Given the risks, it’s not surprising that many motorcyclists wonder whether they have an affirmative responsibility or duty to make themselves more (in the visual and auditory sense) obvious to others.

Let’s explore some of the basics for a clearer understanding.

Motorcyclists Must Exercise Reasonable Care — There is No Special Responsibility to Make Oneself Obvious

Motorcyclists have no affirmative responsibility or duty to make themselves obvious.  In fact, it could be reasonably argued that attempts to make themselves more visible or otherwise obvious to other vehicles could expose the motorcyclist to additional risks of harm.  For example, many motorcyclists swerve within their lane to make themselves more visible to passing cars, but this activity can confuse other drivers — they may not be aware that you are intending to stay in your own lane.

As a motorcyclist, your mind should be focused on exercising reasonable care given the circumstances.  If the actions necessitated by the circumstances involve making yourself obvious, then that would justify you doing so.  Otherwise, it’s not required to take additional or special actions to make yourself obvious.

For example, suppose that a car is shifting into your lane.  The driver does not realize that they are about to collide with you.  Now, given the circumstances, you should attempt to move out of the way and honk your horn to alert the driver to your presence.  Though the driver is clearly negligent, the circumstances are such that you might be found contributorily negligent if you failed to take action to make your presence known by honking.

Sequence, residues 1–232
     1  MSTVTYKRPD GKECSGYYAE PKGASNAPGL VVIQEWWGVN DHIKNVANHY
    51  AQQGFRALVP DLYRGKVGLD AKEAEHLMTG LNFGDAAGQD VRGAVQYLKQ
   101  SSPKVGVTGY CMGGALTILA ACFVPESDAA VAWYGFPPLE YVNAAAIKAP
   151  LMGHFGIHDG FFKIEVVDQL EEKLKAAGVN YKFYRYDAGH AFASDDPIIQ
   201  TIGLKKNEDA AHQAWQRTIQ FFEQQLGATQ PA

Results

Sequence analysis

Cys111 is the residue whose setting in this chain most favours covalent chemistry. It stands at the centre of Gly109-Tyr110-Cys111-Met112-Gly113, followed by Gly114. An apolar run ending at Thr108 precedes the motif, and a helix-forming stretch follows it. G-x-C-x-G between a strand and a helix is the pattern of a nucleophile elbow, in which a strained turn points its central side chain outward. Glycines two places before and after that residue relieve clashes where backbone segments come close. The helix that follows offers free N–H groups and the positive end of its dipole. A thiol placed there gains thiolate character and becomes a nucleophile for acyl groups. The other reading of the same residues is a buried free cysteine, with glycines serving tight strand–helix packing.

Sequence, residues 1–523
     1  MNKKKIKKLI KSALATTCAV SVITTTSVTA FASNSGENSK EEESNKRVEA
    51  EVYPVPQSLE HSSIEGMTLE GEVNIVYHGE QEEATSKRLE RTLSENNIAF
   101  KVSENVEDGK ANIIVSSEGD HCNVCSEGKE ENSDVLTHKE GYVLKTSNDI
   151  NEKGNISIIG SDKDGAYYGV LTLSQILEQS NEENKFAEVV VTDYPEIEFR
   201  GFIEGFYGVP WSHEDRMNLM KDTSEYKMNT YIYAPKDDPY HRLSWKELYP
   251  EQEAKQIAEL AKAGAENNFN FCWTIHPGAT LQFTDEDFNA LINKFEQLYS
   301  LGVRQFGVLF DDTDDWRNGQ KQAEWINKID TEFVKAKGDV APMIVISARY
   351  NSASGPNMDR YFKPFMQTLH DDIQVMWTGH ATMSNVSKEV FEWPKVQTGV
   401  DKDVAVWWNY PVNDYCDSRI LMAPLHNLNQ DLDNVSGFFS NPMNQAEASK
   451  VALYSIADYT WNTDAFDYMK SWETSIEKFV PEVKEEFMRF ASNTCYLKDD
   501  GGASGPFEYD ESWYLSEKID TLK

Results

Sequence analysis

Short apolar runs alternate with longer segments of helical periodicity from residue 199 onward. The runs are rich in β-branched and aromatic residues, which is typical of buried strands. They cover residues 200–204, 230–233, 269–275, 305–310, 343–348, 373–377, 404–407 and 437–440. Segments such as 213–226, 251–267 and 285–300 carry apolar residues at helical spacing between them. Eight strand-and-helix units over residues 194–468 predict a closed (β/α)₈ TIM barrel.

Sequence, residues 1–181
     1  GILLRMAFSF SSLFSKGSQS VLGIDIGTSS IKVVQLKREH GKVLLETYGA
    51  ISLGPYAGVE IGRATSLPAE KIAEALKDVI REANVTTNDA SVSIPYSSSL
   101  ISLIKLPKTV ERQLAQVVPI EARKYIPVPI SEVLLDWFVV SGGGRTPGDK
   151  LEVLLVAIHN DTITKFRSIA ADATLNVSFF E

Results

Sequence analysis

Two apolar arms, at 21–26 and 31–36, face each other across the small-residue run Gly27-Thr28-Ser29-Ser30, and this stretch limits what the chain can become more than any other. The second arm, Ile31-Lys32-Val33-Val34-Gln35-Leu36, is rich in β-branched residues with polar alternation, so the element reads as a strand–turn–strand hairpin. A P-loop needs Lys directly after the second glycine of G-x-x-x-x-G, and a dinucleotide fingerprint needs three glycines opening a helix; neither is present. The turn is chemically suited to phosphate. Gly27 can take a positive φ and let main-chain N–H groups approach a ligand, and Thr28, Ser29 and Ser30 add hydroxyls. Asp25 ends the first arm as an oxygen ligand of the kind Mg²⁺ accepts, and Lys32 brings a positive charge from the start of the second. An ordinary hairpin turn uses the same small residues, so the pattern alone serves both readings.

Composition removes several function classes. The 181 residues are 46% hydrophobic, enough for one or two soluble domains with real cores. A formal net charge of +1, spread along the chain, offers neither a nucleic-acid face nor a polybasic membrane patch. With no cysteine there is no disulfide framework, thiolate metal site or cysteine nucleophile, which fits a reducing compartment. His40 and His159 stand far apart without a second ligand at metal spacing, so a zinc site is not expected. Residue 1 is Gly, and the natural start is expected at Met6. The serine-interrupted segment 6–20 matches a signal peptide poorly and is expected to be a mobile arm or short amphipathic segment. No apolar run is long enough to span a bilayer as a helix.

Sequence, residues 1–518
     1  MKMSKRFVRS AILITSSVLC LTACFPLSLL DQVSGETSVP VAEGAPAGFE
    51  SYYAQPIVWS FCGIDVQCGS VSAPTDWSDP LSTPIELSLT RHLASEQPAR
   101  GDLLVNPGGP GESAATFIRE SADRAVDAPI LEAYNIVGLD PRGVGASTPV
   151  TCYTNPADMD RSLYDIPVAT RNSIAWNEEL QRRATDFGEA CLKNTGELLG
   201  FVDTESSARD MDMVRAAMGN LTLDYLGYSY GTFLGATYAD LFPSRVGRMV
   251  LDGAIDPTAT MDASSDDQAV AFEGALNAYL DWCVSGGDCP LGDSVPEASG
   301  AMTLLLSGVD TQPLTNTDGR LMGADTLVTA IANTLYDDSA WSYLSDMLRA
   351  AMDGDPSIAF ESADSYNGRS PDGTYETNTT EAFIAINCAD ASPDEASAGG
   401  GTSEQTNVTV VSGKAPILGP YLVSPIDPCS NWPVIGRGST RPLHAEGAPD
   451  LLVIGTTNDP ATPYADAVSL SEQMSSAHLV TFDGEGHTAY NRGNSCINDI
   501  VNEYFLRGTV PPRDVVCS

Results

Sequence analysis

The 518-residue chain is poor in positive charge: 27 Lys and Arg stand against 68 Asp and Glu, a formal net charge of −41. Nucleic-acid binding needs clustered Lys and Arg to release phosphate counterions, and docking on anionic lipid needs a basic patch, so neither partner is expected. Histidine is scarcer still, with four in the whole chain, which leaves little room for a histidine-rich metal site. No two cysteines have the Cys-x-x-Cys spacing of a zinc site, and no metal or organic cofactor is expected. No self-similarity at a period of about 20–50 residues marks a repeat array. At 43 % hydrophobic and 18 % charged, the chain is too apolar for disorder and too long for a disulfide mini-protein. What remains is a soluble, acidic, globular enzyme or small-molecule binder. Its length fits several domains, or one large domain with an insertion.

On the other hand, if you’re riding in your lane and there is no immediate scenario demanding that you make your presence “actively” known to another driver, you do not have to honk or swerve or do anything else out-of-the-ordinary.

Contact Our Team for Experienced Phoenix Motorcycle Accident Attorneys for a Free Consultation

Our attorneys have decades of experience representing the interests of injured plaintiffs.  We pride ourselves on our commitment to client-oriented service that is aggressive, relentless, and dedicated to securing substantial positive results.  Over the years, this commitment has paid off — since our founding, we have recovered over $100 million in favorable verdicts and settlements on behalf of our clients.

Interested in learning more about how we can help you obtain compensation for your motorcycle-related injuries?  Call 602-535-1900 or submit a case evaluation form through our website to schedule a free and confidential consultation with one of our experienced Phoenix motorcycle accident attorneys.  We will evaluate your case and work with you to develop a strategic plan moving forward.

In Arizona, and elsewhere, motorcyclists sometimes attempt to split lanes in an effort to cut through traffic and avoid the gridlock.  This is perfectly natural, of course — many motorcyclists see lane splitting as a maneuver that is meant to take advantage of the unique dimensions of a two-wheeled vehicle.  Motorcyclists (like most others on the road) tend to also see themselves as exemplary operators and may therefore find any restriction on lane splitting to be questionable.